In February 2023, the Education Department of the ETUI, in partnership with the French General Confederation of Labour (CGT) and the Institute of the Greek General Confederation of Labour (GSEE), led a training activity  at the CGT training centre in the suburbs of Paris called 'Energy poverty in the spotlight'.

Energy poverty is a pressing issue in the EU that can seriously affect the quality of life of its residents. Energy poverty is the inability to access and afford adequate energy services such as warmth, cooling and lighting. In the EU, at least 50 million people lived in energy poverty before Covid-19 (EPSU, 2021), with approximately 25 million households at risk of suffering from its effects. Lower-income families who cannot meet their basic energy needs are the most affected. The causes of energy poverty are multidimensional: low incomes, poor-quality homes, high energy prices, and energy-inefficient appliances.

Despite the complexity of issues behind energy poverty, this phenomenon is not set in stone. Civil society organisations such as consumer associations, alone or in association with trade unions, can play a critical role in reducing energy poverty by raising awareness, empowering communities, providing education and training, conducting research, and advocating for policies and programmes that address the issue:

  1. Advocacy and awareness-raising: civil society organisations and trade unions can raise awareness about the impacts of energy poverty and advocate for policies and programmes that address it, including increased investment in renewable energy, energy efficiency, and access to affordable energy for low-income households.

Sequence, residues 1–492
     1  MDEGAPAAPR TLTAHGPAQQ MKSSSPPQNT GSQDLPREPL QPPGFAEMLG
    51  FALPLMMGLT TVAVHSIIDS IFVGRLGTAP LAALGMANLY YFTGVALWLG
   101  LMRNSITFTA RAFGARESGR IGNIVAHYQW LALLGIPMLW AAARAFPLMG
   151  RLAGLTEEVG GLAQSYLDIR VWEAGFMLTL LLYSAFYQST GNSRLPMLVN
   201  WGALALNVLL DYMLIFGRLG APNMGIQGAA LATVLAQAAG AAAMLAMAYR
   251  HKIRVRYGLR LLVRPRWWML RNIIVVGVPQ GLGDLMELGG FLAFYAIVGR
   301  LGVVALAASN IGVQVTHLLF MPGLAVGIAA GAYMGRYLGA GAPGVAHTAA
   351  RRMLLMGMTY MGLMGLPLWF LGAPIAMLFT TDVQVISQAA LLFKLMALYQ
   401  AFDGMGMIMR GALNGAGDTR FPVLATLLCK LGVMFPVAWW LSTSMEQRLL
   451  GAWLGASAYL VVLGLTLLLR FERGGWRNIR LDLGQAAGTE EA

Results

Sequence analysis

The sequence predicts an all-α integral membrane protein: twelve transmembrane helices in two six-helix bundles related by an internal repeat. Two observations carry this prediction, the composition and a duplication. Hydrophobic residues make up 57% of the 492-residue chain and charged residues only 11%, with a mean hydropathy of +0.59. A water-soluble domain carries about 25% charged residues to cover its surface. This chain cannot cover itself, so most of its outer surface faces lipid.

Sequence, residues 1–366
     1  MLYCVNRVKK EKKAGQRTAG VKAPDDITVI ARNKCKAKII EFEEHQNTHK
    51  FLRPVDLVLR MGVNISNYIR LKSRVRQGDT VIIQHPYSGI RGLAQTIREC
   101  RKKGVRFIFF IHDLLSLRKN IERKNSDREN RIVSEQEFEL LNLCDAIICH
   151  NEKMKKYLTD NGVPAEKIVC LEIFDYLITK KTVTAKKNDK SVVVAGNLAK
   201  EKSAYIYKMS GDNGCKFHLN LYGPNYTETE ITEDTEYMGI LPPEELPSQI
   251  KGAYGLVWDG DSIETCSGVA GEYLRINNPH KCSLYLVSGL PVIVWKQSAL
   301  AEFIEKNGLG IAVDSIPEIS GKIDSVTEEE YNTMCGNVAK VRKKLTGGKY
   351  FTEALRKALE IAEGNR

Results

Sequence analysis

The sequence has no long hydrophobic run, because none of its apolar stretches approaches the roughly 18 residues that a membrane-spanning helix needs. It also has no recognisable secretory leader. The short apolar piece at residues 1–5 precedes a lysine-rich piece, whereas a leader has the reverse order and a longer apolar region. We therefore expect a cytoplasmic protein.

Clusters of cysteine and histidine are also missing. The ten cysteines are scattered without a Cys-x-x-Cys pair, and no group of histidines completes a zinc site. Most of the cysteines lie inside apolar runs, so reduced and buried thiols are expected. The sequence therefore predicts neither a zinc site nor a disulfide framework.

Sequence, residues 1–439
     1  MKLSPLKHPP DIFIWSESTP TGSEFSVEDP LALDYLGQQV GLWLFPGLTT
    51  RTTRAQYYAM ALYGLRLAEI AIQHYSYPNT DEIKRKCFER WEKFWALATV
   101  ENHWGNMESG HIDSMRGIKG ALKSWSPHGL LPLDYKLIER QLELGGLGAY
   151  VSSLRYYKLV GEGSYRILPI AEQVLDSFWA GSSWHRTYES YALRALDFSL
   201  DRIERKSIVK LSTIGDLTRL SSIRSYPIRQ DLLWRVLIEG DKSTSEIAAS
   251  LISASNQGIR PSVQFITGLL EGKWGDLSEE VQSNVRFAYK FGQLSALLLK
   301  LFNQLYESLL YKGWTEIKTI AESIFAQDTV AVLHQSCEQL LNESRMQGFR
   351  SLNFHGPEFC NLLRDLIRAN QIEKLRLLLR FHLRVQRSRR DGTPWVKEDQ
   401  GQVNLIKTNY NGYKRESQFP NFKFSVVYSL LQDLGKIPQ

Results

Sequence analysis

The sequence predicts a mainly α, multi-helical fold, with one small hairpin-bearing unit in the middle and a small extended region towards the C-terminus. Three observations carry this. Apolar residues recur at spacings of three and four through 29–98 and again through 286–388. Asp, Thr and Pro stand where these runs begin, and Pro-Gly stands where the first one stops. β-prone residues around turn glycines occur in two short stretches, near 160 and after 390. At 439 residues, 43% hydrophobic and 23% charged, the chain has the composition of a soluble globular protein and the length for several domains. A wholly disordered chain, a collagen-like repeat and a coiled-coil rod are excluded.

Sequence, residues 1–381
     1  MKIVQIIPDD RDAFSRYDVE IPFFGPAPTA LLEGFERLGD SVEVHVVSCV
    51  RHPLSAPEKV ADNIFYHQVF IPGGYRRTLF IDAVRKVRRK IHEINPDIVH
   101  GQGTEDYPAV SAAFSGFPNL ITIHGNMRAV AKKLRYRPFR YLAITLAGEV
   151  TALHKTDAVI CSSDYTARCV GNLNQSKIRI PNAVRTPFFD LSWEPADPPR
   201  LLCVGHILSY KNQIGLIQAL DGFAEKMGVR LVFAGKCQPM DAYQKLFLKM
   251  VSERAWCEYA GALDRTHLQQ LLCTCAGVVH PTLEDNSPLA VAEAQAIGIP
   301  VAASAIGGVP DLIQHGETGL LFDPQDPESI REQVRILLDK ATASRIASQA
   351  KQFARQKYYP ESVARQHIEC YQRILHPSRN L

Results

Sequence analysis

2. Community engagement and empowerment: civil society organisations and trade unions can work with communities to identify their energy needs and help them develop solutions appropriate to their context, such as developing community-led renewable energy projects or energy-saving initiatives.
  3. Education and training: civil society organisations and trade unions can provide education and training to individuals and communities on energy efficiency, renewable energy, and energy management, helping them to reduce their energy consumption and costs.
  4. Research and data collection civil society organisations and trade unions can conduct research and collect data on the impact of energy poverty on individuals and communities, helping to inform policies and programs to address it.
  5. Partnerships and collaboration: civil society organisations and trade unions can partner with governments, the private sector, and other stakeholders to mobilise resources and expertise to address energy poverty and ensure sustainable and effective solutions.
  6. Direct assistance and support: civil society organisations can provide direct assistance and support to low-income households, including the provision of energy-efficient appliances, insulation, and other measures that can help reduce energy costs and improve living conditions

Tackling energy poverty in the EU requires a coordinated effort from governments, businesses and communities. By implementing a combination of strategies (e.g. increasing access to energy-efficient housing, or implementing social policies targeted at low-income families, older people, or those living in remote areas), it will be possible to reduce energy poverty and ensure that everyone in Europe has access to affordable and sustainable energy.

Further information: